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Does 'take off' simply mean to leave? Does it imply a sudden leave?

I heard people used the term at the end of a party, but not a sudden leave.

Thanks,

Cambridge: take off - to suddenly leave somewhere, usually without telling anyone that you are going
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Comments  (Page 2) 
That's interesting. I felt "take off" in the sense "depart abruptly" had a slightly older ring to it. Maybe it's been around for longer in the UK.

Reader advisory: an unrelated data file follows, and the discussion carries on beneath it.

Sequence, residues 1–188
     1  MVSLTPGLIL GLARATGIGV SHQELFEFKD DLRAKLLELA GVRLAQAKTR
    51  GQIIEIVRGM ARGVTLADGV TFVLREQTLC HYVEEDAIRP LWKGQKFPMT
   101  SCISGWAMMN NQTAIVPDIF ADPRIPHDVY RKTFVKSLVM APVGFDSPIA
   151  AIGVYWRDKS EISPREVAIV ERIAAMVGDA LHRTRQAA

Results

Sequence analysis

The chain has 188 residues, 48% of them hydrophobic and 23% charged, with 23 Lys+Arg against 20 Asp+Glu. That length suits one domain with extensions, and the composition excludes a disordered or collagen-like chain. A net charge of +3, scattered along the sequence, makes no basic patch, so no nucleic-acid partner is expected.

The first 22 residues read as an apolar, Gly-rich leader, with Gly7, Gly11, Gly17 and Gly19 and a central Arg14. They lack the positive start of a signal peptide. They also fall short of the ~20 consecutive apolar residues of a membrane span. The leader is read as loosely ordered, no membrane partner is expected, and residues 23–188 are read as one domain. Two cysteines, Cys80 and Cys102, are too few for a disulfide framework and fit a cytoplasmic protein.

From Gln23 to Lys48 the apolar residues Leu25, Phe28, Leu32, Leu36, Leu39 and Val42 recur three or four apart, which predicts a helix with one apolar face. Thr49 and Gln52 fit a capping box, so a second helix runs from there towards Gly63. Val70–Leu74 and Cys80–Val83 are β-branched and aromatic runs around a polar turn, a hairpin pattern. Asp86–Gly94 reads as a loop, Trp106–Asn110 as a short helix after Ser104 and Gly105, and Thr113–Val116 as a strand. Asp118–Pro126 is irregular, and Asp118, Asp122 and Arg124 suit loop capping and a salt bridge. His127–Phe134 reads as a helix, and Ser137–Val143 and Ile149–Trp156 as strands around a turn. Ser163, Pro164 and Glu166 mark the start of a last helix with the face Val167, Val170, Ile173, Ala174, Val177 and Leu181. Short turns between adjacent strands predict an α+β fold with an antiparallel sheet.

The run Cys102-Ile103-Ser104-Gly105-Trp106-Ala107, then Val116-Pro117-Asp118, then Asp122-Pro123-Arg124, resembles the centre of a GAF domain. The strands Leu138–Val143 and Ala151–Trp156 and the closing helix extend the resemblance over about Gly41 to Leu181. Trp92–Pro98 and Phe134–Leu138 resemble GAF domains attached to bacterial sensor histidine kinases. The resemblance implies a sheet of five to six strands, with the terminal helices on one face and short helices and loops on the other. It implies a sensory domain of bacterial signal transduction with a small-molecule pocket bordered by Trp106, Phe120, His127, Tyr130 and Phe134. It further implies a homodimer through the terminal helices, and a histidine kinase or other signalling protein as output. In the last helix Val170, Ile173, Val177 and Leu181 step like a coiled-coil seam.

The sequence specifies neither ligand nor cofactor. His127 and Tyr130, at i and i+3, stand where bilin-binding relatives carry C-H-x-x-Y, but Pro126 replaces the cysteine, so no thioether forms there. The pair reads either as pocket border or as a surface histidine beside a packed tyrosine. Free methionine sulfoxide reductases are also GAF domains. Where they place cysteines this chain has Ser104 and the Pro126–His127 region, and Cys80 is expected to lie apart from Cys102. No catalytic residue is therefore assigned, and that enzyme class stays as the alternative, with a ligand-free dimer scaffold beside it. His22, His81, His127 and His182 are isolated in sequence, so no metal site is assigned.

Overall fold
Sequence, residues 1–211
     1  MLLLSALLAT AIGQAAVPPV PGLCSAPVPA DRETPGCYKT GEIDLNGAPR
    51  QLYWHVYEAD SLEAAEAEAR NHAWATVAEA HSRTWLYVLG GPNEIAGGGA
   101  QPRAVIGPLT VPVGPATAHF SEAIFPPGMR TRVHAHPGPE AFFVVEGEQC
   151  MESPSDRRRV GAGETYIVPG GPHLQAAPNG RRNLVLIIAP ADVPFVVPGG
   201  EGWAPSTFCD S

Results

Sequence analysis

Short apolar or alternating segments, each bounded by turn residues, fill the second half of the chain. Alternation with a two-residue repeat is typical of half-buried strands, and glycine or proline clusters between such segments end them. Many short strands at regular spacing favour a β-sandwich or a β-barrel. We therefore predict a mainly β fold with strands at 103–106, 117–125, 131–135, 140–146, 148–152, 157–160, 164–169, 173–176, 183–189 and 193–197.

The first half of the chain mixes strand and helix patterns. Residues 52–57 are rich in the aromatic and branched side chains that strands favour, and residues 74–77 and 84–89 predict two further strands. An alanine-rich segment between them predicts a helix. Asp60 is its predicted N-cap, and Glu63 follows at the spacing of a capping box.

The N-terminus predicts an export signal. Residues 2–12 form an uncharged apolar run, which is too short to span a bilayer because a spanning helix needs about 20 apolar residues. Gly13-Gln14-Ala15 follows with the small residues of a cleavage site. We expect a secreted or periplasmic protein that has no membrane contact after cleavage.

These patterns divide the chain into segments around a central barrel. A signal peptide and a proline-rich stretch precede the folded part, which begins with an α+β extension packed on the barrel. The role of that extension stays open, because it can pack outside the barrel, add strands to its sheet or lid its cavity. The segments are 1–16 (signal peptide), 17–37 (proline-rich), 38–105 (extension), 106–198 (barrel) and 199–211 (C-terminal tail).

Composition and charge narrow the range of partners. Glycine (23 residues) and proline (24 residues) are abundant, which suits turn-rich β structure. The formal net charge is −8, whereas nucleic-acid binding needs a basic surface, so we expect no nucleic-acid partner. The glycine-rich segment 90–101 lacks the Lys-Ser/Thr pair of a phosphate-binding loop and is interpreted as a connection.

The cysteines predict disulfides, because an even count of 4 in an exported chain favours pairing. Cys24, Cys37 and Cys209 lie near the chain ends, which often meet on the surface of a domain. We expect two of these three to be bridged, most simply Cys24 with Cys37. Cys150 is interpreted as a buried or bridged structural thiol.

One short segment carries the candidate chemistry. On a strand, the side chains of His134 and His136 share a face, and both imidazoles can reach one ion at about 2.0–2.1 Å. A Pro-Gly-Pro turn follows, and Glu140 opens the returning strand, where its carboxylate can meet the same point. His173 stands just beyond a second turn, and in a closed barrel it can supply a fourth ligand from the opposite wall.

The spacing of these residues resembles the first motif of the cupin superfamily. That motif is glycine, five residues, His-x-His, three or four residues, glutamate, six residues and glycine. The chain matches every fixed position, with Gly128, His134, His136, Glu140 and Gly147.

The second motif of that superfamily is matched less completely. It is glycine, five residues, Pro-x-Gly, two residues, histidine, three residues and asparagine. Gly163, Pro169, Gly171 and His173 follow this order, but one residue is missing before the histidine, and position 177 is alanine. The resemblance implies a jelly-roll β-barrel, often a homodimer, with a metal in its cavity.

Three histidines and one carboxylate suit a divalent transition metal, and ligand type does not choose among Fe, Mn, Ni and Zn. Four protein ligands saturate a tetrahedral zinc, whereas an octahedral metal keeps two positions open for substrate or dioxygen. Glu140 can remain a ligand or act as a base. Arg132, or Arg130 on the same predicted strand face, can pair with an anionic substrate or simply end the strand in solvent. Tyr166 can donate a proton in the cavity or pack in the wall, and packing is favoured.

MrP
Hi MrP,

Then again, maybe it's just me who's been around a bit longer.

Clive
Site Hint: Check out our list of pronunciation videos.
CliveGuy: Hey, baby, how about coming back to my place?

Girl: Take off !

I hear "buzz off!" from the girl...or worse.
Clive I imagine it's seldom said by the Queen of England.

She just thinks it in her mind, Clive...
Looks like a chaperone to me. Good thing, too.

Clive
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Davkett
Clive
Guy: Hey, baby, how about coming back to my place?

Girl: Take off !

I hear "buzz off!" from the girl...or worse.

(You're asking the wrong girls, D.)